Paxson and Yagüe developing new approach to hydrophobic material


November 14, 2013

Steam condensation is key to the worldwide production of electricity and clean water: It is part of the power cycle that drives 85 percent of all electricity-generating plants and about half of all desalination plants globally, according to the United Nations and International Energy Agency. So anything that improves the efficiency of this process could have enormous impact on global energy use. Now, a team of researchers at MIT says they have found a way to do just that.

It has been known for years that making steam-condenser surfaces hydrophobic — that is, getting them to repel water — could improve the efficiency of condensation by causing the water to quickly form droplets. But most hydrophobic materials have limited durability, especially in steamy industrial settings. The new approach to coating condenser surfaces should overcome that problem, the MIT researchers say. The findings are reported this week in the journal Advanced Materials by MIT professors Karen Gleason and Kripa Varanasi, graduate student Adam Paxson and postdoc Jose Yagüe.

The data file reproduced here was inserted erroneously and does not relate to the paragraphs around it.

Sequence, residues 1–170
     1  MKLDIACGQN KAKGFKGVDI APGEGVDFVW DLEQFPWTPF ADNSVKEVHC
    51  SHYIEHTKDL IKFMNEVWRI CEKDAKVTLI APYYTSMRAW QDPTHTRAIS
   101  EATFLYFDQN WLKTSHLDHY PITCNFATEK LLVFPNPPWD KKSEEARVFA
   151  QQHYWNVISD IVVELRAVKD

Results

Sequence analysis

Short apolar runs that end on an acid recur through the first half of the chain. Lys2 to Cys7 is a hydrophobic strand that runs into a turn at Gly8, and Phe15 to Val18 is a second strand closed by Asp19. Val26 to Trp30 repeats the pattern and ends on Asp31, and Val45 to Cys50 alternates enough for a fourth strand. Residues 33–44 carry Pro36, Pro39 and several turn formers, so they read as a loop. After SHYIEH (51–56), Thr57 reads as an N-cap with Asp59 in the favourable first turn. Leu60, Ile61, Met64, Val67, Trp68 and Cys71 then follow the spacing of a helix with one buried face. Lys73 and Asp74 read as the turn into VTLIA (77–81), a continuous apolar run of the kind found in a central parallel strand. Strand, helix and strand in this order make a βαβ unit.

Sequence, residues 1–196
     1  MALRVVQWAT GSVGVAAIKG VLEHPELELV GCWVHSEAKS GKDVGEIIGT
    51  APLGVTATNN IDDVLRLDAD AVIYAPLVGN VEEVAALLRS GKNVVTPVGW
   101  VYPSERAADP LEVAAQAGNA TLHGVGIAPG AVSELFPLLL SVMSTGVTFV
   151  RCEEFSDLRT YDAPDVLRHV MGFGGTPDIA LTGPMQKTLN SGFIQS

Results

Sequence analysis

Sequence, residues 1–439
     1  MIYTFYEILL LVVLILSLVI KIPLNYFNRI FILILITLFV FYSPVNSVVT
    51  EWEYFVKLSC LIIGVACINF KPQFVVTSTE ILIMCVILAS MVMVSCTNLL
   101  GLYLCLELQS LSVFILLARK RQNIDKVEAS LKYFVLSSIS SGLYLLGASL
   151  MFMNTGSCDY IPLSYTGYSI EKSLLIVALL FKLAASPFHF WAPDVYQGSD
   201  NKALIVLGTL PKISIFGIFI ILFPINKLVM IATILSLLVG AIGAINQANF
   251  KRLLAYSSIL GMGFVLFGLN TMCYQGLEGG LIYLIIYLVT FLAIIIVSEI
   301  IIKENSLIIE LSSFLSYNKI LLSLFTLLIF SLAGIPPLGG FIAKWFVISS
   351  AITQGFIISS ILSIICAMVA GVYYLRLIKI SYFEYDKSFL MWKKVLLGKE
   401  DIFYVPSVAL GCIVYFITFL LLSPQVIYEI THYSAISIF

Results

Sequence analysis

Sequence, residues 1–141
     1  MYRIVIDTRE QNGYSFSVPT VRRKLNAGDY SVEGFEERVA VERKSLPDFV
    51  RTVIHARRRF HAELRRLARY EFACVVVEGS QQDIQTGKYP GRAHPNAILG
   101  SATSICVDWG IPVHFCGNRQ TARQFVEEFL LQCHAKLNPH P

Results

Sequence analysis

Continue reading the article on MIT News.

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